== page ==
Why should I have to use a catheter?

Rethinking continence care assumptions could reduce infection rates and save the NHS millions. Jennifer Trueland reports on an ambitious campaign

Rethinking continence care assumptions could reduce infection rates and save the NHS millions. Jennifer Trueland reports on an ambitious campaign

Picture credit: Science Photo Library

The No Catheter – No CAUTI campaign urges all clinicians to keep catheter use to a minimum and ensure that when they are used, they are used properly. Supporters want a revolution in awareness, putting catheters and associated infections on the same level as, for example, handwashing and drip-line infections.

Irene Karrouze is a woman on a mission. The lead continence nurse at King’s College Hospital NHS Foundation Trust in south London is involved in a campaign to get all clinicians to think about catheters – and associated infections – as much as they do handwashing.

She believes nurses are the key to saving the NHS millions of pounds in wasted bed days as well as reducing avoidable harm and deaths to patients. That is why she is involved in No Catheter – No CAUTI (catheter-associated urinary tract infection), a campaign that aims to reduce harm from catheterisation.

Run by the Health Innovation Network (HIN) in south London, and part of its patient safety programme, the initiative focuses on catheter use. It encourages nurses and others to consider whether catheters are necessary and, where they are used, to make sure they are managed properly and removed as soon as possible.

Phase one involves five south London hospitals and linked community services; the next stage will include all hospital and community trusts in south London, with learning shared across England and beyond.

The potential economic gains are huge – across the five trusts involved, it is reckoned CAUTI-associated excess bed days cost £12.3 million a year. But it is the cost to patients that matters most to Ms Karrouze.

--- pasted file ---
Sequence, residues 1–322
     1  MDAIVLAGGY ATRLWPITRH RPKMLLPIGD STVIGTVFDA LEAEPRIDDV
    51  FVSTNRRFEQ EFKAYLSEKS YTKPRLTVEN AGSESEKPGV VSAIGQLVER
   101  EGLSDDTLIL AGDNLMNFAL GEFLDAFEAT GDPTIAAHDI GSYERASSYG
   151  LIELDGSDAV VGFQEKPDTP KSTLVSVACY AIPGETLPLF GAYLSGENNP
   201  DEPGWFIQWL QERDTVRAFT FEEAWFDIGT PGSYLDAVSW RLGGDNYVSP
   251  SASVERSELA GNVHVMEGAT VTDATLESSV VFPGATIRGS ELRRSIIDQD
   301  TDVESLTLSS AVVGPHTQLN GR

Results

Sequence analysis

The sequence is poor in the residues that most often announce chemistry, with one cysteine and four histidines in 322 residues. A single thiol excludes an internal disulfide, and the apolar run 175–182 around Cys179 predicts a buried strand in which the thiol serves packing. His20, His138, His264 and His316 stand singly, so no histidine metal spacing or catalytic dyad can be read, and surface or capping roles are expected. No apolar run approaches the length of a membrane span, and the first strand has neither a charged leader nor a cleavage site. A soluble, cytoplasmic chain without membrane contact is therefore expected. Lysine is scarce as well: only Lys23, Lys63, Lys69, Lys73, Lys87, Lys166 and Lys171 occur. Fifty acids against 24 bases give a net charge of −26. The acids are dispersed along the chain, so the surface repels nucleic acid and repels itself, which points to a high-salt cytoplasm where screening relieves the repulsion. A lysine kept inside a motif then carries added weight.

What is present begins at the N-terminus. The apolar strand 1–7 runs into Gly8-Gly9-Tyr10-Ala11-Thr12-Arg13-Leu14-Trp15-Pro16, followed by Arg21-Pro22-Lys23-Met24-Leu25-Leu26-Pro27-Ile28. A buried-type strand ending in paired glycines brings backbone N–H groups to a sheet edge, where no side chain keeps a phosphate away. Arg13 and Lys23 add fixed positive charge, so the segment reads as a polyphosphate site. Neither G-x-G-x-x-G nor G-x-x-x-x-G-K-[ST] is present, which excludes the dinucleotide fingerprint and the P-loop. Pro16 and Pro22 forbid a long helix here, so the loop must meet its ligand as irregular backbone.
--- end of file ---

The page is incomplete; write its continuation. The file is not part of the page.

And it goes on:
‘It is about changing the culture,’ she says. ‘Catheters and CAUTI are part of our job. But what we must remember is that if you don’t put the catheter in in the first place, then you won’t get to CAUTI.

‘Once a catheter is in, it can be difficult to remove it, because nurses are waiting for the doctor to say it can come out.

‘What we are trying to do is put the ownership back with nurses. We are empowering nurses to remove them, and to ensure they are discussed on ward rounds.’


‘We hope to revolutionise catheter care in South London, the UK and then the world’


HIN says CAUTI is a major problem and has made it one of its patient safety priorities. In south London HIN brings together universities, local authorities and third sector organisations, as well as health services, with a focus on improvement and innovation. Academic health science networks also host patient safety groups that drive improvements.

Each year around 93,000 patients across the five trusts have catheters inserted, and more than 7,000 of these develop urinary tract infections. Almost one third of inpatient urinary catheter days have been shown to be inappropriate, and 26% of catheters inserted in A&E are inappropriate, HIN says.

According to the network’s clinical director for patient safety Adrian Hopper, the damage caused by CAUTI is often underestimated. ‘Patients can get extremely ill and can even die. If you contrast CAUTI with the energy and enthusiasm that has gone into tackling other infections such as clostridium difficile and meticillin-resistant Staphylococcus aureus, then it is neglected.’

Information from the NHS Safety Thermometer – a point-of-care survey instrument used by the NHS in England – shows that between 15% and 18% of patients in Dr Hopper’s hospital – Guy’s in London – are catheterised at any one time. ‘If it is taken out in a couple of days then for most people it will be fine,’ he says. ‘But when there are delays in taking it out, problems tend to arise.